From: Ron Hays [] on behalf of Ron Hays []
Sent: Tuesday, July 17, 2012 5:32 AM
To: Hays, Ron
Subject: Oklahoma's Farm News Update

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We invite you to listen to us on great radio stations across the region on the Radio Oklahoma Network weekdays- if you missed this morning's Farm News - or you are in an area where you can't hear it- click here for this morning's Farm news from Ron Hays on RON.



Let's Check the Markets! 



Today's First Look:  

Ron on RON Markets as heard on K101  

mornings with cash and futures reviewed- includes where the Cash Cattle market stands, the latest Feeder Cattle Markets Etc.


Okla Cash Grain:  

Daily Oklahoma Cash Grain Prices- as reported by the Oklahoma Dept. of Agriculture.


Canola Prices:  

Current cash price for canola is $13,10 per bushel at the Northern Ag elevator in Yukon as of the close of business yesterday.


Futures Wrap:  

Our Daily Market Wrapup from the Radio Oklahoma Network with Ed Richards and Tom Leffler- analyzing the Futures Markets from the previous Day.


KCBT Recap: 

Previous Day's Wheat Market Recap-Two Pager from the Kansas City Board of Trade looks at all three U.S. Wheat Futures Exchanges with extra info on Hard Red Winter Wheat and the why of that day's market. 


Feeder Cattle Recap:  

The National Daily Feeder & Stocker Cattle Summary- as prepared by USDA.


Slaughter Cattle Recap: 

The National Daily Slaughter Cattle Summary- as prepared by the USDA.


TCFA Feedlot Recap:  

Finally, here is the Daily Volume and Price Summary from the Texas Cattle Feeders Association.


Oklahoma's Latest Farm and Ranch News
Your Update from Ron Hays of RON
   Tuesday, July 17, 2012
Howdy Neighbors! 

Here is your daily Oklahoma farm and ranch news update. 
Featured Story:
lucasurgesagLucas Urges Ag, Consumer Groups to Encourage Leadership to Bring 2012 Ag Bill to the Floor 


Following last week's passage of the 2012 farm bill out of the House Agriculture Committee, Chairman Frank Lucas has had a chance to digest the results of the vote and plan strategy to get the bill to the House floor.

The Chairman told us in an exclusive Monday morning conversation that following the debate that ran from Wednesday into the early hours Thursday, he was somewhat surprised with the final vote tally.

"I knew that Collin and I had agreed on a very balanced, responsible, reform-minded, fiscally-responsible bill. After 15 hours of markup, that was borne out. I'll have to admit in a big picture sense I did not expect a 35 to 11 vote. That's an overwhelming vote of both Republicans and Democrats in a very bipartisan way."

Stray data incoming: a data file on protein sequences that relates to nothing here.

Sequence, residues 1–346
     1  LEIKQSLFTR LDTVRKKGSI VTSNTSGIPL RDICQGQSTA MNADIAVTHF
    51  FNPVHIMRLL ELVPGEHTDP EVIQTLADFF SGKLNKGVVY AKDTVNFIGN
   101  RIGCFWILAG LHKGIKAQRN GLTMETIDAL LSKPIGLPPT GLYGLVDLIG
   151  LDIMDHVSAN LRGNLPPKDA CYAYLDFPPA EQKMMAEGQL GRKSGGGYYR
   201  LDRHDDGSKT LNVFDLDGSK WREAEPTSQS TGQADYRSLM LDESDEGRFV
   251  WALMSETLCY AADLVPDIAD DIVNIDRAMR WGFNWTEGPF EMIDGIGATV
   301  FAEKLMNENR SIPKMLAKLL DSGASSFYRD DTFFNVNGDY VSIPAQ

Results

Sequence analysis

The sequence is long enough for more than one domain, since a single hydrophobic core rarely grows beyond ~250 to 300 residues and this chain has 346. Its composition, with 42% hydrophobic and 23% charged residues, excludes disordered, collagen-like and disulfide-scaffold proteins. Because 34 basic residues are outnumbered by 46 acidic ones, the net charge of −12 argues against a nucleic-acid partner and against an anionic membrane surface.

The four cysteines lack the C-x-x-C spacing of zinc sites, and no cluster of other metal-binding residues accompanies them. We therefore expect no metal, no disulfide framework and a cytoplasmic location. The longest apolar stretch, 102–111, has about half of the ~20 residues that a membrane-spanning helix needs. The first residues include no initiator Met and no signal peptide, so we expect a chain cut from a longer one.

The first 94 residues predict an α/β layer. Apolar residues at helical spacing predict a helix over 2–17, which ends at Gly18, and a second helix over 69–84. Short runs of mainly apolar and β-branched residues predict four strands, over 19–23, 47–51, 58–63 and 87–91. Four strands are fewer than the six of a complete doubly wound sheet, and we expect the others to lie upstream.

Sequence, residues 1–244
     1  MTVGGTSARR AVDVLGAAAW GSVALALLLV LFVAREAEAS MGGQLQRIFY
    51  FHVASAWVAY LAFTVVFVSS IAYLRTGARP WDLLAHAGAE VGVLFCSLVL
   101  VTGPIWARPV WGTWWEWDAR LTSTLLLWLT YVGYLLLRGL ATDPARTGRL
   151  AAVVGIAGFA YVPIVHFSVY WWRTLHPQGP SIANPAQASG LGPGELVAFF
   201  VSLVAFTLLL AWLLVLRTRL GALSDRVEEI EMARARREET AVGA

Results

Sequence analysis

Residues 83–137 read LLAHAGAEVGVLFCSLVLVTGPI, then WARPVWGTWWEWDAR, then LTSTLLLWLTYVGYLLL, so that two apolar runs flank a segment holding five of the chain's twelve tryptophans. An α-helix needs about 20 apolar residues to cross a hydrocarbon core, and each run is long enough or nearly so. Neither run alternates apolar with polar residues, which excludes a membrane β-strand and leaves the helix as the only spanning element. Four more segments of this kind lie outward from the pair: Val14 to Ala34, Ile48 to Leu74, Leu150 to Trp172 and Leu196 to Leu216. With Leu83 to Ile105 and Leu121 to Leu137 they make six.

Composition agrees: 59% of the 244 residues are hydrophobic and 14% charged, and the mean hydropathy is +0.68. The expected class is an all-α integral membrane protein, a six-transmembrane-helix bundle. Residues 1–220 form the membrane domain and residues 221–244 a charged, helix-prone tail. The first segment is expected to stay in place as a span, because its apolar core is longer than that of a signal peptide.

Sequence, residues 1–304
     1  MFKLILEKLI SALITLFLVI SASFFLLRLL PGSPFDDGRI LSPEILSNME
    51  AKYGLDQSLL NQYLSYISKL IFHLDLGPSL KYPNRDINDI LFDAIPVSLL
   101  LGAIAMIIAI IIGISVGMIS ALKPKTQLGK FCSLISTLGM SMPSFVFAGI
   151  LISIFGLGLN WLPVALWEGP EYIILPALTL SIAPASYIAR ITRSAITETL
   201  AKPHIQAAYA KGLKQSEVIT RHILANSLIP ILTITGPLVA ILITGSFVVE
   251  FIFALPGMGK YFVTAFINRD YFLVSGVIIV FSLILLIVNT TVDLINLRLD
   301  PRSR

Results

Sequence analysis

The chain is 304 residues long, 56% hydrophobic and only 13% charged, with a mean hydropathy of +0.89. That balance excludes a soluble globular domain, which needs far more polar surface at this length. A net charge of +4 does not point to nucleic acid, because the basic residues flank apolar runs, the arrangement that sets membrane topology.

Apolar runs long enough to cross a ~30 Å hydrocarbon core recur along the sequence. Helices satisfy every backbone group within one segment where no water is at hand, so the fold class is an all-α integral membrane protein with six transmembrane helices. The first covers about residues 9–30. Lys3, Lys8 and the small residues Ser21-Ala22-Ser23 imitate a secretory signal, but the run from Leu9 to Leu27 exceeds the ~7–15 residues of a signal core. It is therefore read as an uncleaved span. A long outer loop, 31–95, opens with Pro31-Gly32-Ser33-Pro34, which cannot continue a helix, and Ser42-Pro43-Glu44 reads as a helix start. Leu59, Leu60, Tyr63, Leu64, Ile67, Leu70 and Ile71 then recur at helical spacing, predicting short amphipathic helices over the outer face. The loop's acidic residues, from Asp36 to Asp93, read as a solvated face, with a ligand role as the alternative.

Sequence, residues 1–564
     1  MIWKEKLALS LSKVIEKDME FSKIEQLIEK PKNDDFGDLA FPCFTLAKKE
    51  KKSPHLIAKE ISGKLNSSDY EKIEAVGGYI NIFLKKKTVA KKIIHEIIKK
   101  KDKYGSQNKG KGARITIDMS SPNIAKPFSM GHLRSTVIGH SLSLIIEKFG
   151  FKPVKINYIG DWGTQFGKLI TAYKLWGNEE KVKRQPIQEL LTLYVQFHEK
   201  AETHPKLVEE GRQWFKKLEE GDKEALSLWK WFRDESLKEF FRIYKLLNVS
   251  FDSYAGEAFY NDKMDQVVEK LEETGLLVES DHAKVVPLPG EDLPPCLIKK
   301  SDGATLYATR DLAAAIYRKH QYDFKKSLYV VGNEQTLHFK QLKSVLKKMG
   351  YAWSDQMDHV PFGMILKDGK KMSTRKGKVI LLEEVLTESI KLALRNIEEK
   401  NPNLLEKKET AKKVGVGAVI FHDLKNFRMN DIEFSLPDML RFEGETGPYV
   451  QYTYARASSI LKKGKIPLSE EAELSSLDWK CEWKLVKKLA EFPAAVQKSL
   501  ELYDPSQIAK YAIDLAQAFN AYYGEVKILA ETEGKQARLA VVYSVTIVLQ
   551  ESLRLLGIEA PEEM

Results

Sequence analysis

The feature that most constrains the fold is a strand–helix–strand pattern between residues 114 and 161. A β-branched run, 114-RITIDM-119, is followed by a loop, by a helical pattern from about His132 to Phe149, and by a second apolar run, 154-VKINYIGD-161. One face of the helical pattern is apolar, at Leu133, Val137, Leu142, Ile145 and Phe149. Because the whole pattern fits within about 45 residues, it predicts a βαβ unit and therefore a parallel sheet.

Lucas said the results were surprising because the base text of the bill survived the markup process essentially unchanged. The $35 billion dollars in proposed cuts all survived, including $14 billion dollars from the commodity title, $6 billion from the conservation title, and $16.5 billion from the nutrition title.

"It can't be said that my colleagues didn't have some good ideas-109 amendments were filed. Ninety-seven members asked to have their amendments considered. We adopted 44 of those amendments in a variety of areas. It was just a tremendous process." 

Lucas said the next hurdle is to bring the bill to the House floor.


"I am encouraging leadership in every capacity I can. I would hope that the ag community-both production and processing and even the consumer groups around the country-would begin to remind the elected leadership in the House that this is important." 

 Click here to read more or to listen to the full interview with Frank Lucas.  


Sponsor Spotlight




Midwest Farm Shows is our longest running sponsor of the daily farm and ranch email- and they want to thank everyone for supporting and attending the Southern Plains Farm Show this spring.  The attention now turns to this coming December's Tulsa Farm Show- the dates for 2012 are December 6 through the 8th.  Click here for the Tulsa Farm Show website for more details about this tremendous all indoor farm show at Expo Square in Tulsa.




We are proud to have P & K Equipment as one of our regular sponsors of our daily email update. P & K is Oklahoma's largest John Deere Dealer, with ten locations to serve you.  P&K is also proud to announce the addition of 6 locations in Iowa, allowing access to additional resources and inventory to better serve our customers. Click here for the P&K website- to learn about the location nearest you and the many products they offer the farm and ranch community.  



CornRatingsCorn Ratings Continue to Tumble- So do Pasture and Range Ratings  



The corn market continues to sizzle- up over thirty cents a bushel on Monday with a few more cents of "up" in the overnight Tuesday morning trade to boot- and a lot of it continues to come from reports like the one issued on Monday afternoon by USDA- the weekly Crop Progress report.



Thirty-eight percent of the nation's corn was rated poor to very poor for the week ended July 15, according to USDA. That compares to 30% last week. Only 31% of the crop is rated good to excellent, compared to 40% last week.

John Sanow with DTN says that the sliding conditions are a strong case for reductions in USDA crop production estimates. "This supports the argument that USDA will need to lower total production significantly from the current level tied to losses in yield and harvested acreage," Sanow said. On a state by state basis- Kentucky checks in at 77% poor to very poor, Indiana at 71% poor to very poor and Missouri at 72% poor to very poor. Illinois also shows lots of stress in their corn crop- with a 56% poor to very poor rating.


In addition- Pasture and Range conditions slipped further into poor to very poor ratings- increasing by four percentage points from a week ago to 54% poor to very poor. The Show me state of Missouri has seen their pasture ratings collapse further in the last seven days by another five percentage points- now at 92% poor to very poor. Other states that show high percentages of awful pasture conditions- Indiana at 87%, New Mexico at 85%, Arkansas at 83%, Illinois at 83% and Arizona at 80% poor to very poor.